"At today’s [July 14] briefing at the Ministry of Justice and Security of the Netherlands, representatives of the international Joint Investigation Team member states and countries, whose citizens died in the plane crash, provided detailed information about the Netherlands' lawsuit against Russia and suggested supporting such a step. In particular, countries wishing to join the lawsuit as a third party will be able to do so within 12 weeks after the ECHR Secretariat officially submits the lawsuit to the Russian Federation," Ambassador of Ukraine to the Netherlands Vsevolod Chentsov said in an exclusive comment to an Ukrinform correspondent in The Hague.
He noted that the lawsuit concerned Russia's violation of 2nd, 3rd and 13th articles of the European Convention on Human Rights.
Article 2 of the Convention stipulates that “everyone’s right to life shall be protected by law. No one shall be deprived of his life intentionally save in the execution of a sentence of a court following his conviction of a crime for which this penalty is provided by law.”
Article 3 emphasizes that “no one shall be subjected to torture or to inhuman or degrading treatment or punishment.”
Article 13 points out that “everyone whose rights and freedoms as set forth in this Convention are violated shall have an effective remedy before a national authority notwithstanding that the violation has been committed by persons acting in an official capacity.”
"The Netherlands refers to Article 13 of the Convention due to the inadequate level of Russia’s cooperation in the investigation into the downing of the plane and, therefore, failure to fulfil its obligations under the European Convention on Mutual Assistance in Criminal Matters," the Ambassador said.
As reported, the Netherlands filed a lawsuit against Russia at the European Court of Human Rights over the downing of MH17 flight over the occupied part of Donbas six years ago.
In May 2018, the Netherlands and Australia formally accused Russia of being responsible for the downing of the Malaysia Airlines passenger jet.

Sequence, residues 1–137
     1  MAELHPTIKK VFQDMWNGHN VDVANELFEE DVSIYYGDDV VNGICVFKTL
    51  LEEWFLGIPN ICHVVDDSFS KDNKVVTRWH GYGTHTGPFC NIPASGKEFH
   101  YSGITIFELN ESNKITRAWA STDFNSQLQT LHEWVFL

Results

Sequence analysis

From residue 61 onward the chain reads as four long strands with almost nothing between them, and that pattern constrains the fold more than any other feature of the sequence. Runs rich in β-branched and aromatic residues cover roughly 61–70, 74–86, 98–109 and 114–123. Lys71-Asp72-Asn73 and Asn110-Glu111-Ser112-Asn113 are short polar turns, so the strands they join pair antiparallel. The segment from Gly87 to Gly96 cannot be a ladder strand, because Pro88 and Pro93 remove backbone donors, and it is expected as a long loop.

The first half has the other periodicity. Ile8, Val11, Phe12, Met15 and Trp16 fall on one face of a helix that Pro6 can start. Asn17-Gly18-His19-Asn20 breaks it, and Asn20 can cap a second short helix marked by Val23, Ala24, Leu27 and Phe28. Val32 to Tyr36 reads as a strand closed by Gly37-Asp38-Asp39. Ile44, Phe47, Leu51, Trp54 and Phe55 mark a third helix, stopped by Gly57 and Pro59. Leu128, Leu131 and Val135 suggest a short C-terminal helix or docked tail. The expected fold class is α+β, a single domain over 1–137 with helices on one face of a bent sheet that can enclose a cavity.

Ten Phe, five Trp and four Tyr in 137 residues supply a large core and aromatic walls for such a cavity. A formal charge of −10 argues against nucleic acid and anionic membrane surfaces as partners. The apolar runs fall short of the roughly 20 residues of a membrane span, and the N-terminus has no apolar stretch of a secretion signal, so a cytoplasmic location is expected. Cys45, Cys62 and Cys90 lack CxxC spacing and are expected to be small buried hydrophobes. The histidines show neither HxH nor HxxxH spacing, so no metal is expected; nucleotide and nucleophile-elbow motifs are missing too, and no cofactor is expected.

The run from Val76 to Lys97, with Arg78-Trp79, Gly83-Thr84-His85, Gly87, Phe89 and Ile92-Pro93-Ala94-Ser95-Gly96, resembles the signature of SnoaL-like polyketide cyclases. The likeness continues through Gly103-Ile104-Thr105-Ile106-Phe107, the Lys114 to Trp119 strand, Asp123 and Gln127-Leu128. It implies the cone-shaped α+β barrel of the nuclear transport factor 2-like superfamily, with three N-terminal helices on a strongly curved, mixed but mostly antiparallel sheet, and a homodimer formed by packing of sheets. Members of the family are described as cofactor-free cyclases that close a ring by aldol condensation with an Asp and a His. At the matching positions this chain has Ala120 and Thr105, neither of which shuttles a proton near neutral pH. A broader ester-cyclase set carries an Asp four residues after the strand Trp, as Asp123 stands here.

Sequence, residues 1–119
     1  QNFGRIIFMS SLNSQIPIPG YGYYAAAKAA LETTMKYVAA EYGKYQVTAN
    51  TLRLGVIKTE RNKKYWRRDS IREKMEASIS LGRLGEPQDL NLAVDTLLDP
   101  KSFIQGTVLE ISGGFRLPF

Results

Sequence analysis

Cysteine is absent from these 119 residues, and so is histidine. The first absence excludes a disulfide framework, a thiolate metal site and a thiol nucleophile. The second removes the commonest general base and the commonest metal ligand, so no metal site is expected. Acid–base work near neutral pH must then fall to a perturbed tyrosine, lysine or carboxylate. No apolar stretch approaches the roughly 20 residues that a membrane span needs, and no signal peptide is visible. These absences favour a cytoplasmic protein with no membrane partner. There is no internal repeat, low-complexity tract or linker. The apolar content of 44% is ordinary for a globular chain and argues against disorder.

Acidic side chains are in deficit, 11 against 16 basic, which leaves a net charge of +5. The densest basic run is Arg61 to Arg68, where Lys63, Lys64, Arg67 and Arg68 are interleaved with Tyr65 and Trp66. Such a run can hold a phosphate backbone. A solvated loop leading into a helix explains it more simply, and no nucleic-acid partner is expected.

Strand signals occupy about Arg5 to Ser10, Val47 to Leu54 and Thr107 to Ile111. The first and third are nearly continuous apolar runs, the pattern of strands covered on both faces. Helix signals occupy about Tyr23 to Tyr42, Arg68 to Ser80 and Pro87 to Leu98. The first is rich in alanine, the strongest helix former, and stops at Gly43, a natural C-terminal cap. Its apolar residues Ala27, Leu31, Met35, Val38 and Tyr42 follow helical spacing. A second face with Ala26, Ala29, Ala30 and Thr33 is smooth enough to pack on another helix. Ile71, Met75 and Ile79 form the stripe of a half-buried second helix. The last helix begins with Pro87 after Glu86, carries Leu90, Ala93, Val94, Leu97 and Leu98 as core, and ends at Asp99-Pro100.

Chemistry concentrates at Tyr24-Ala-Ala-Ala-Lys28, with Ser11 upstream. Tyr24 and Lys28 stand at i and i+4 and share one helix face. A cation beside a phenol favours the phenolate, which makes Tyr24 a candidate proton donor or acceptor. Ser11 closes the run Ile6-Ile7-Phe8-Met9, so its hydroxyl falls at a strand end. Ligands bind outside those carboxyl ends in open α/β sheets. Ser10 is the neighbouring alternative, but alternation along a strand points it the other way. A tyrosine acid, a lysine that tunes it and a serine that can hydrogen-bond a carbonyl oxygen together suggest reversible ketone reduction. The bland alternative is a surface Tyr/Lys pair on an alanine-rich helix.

On June 19, 2019, the international Joint Investigation Team named four suspects believed to be involved in the transportation and combat use of the Buk missile system, from which MH17 flight had been downed. Three of them are Russians: Igor Girkin (Strelkov), former colonel in Russia's FSB intelligence service and former so-called defense minister of the so-called “Donetsk People’s Republic”; Sergey Dubinskiy, general (at the time of downing – colonel) of the Main Intelligence Directorate of the General Staff of the Russian Armed Forces and head of the so-called “Main Intelligence Directorate of the Donetsk People’s Republic” and Oleg Pulatov, lieutenant colonel of the Main Intelligence Directorate of the General Staff of the Russian Armed Forces. The fourth suspect is Leonid Kharchenko, a Ukrainian civilian, who fought on the side of the so-called “Donetsk People’s Republic.”
In March this year, the District Court of The Hague began its consideration of the case of the downing of flight MH17 in the sky over Donbas.
On July 10, 2020, the Dutch government decided to bring Russia before the European Court of Human Rights for its role in the downing of flight MH17.
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